The view below is looking to the south. Much of the area closest to the dome is covered with car parking space, used for the big events at the dome, however compare with the Greenwich Peninsula Masterplan and this view will look very different.
The above view also shows how the industrial history of the Greenwich Peninsula is continuing to be demolished. The photo below is an extract of the above photo and shows nothing remarkable.
My first climb up the dome was a few years ago (family present) and in the following photo showing roughly the same view is the outer framework of large gasholder.
The gas holder was demolished earlier this year and was originally one of a pair dating from the late 1880s / early 1890s. The gas holder in the above photo is number 1. The larger number 2 gas holder was demolished in 1985 and will be the site for the Silvertown Tunnel workings and entrance, with construction expected to start this year with completion around 2025.
The Silvertown Tunnel is another of the construction projects that will be transforming the Greenwich Peninsula. The tunnel is being financed through a Private Finance Initiative (PFI) model. When open, a toll will be charged for using either the Blackwall or the Silvertown Tunnels which will be used to pay the PFI charges. The tunnel developers take the risk with construction costs, however Transport for London take the risk with usage and whether this will be sufficient to cover the PFI costs.
in 2015 I photographed the gas holder from the river. In the foreground were dry docks for the Thames tourist boats. These will also, or perhaps already have gone.
Still looking to the south, and there are several features in the following photo:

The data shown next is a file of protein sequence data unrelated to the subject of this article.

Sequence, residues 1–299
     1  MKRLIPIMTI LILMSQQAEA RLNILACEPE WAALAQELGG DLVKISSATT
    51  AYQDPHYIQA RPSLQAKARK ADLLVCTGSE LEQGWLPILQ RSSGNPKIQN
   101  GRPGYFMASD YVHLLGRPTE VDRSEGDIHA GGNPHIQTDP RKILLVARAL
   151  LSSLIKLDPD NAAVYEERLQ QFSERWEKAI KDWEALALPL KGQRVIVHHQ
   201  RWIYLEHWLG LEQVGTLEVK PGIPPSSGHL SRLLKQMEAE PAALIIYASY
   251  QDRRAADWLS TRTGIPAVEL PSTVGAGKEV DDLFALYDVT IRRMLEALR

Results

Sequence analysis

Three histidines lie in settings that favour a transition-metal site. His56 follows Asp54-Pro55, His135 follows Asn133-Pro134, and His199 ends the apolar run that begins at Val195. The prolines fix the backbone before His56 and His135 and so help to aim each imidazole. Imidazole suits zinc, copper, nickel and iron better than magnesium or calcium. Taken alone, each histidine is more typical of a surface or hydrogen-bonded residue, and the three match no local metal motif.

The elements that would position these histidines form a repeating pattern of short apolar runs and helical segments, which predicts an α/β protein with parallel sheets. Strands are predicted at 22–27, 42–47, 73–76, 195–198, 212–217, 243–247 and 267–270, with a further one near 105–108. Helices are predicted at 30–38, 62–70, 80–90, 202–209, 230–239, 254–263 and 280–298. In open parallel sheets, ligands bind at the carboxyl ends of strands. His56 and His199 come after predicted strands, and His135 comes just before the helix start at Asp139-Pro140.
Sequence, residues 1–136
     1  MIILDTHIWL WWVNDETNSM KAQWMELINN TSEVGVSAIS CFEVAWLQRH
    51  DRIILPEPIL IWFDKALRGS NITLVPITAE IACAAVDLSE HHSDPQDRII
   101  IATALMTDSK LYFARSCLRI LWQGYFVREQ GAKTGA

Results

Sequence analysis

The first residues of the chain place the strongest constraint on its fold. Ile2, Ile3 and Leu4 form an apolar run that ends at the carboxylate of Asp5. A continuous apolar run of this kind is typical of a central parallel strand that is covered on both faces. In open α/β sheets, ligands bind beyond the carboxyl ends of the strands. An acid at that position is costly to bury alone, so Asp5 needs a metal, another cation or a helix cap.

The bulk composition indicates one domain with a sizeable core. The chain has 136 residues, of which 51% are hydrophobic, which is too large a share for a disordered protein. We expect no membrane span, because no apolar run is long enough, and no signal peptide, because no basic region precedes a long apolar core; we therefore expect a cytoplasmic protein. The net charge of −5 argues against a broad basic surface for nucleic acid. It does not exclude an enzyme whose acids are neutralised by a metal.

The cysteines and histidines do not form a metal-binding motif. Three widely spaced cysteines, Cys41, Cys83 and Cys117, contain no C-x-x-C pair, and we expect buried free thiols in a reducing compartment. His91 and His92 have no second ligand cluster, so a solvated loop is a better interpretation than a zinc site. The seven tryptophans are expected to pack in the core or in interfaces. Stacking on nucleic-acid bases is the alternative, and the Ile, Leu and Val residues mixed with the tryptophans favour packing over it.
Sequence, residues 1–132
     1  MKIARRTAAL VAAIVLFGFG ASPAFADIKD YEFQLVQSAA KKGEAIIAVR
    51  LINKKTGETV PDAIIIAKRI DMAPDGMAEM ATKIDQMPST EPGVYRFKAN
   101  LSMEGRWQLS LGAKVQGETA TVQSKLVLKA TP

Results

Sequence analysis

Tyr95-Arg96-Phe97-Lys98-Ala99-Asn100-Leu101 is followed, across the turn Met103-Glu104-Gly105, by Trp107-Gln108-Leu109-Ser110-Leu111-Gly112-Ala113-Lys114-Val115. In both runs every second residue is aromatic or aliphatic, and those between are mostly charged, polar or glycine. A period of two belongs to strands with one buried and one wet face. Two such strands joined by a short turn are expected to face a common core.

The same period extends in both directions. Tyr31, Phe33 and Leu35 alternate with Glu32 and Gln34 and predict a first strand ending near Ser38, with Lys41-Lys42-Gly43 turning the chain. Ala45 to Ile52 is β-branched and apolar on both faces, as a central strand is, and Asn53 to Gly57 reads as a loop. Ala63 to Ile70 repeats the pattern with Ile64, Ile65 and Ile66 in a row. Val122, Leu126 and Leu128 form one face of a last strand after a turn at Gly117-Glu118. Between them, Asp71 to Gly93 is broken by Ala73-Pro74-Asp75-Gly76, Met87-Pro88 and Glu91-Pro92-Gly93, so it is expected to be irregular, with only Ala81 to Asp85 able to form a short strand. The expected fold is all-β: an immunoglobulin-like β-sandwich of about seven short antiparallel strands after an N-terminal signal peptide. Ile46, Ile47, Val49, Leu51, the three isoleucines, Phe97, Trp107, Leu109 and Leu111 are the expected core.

In the middle of the photo is the entrance arch to the Blackwall Tunnel. This can be seen in the following extract from the above photo:
And in the distance (see photo below) we can see Greenwich Power Station, used by TfL to provide backup power to the Underground network. On the hill behind the power station, the Royal Observatory can just be seen, and on the right of the photo, the towers of the old Royal Naval College.
These sights will be disappearing from the top of the O2 Dome as the towers planned for the western edge of the peninsula are built.
The eastern edge of the peninsula perhaps provides some indication of what the western edge will look like in the years to come. Development along the eastern edge has already progressed and now consists of multiple apartment towers of differing designs.
The Greenwich Peninsula is a great place to watch the eastwards march of development along the Thames.
The peninsula will soon be a completely different place if all the proposed towers and associated buildings are built. There will be very little evidence of the peninsula’s industrial past, and what remains, such as the Pilot pub, will be very out of place.
My granddaughter really enjoyed the climb of the O2 Dome, and the views of London from the top. Hopefully she will be back at some point in the future to compare the view then, with her photos taken in August 2020.
For further information on the Greenwich Peninsula I can recommend the Greenwich Industrial History Society, and any of the books and articles by Mary Mills. “Greenwich Marsh – The 300 years before the Dome” provides a fascinating account of the history of the place.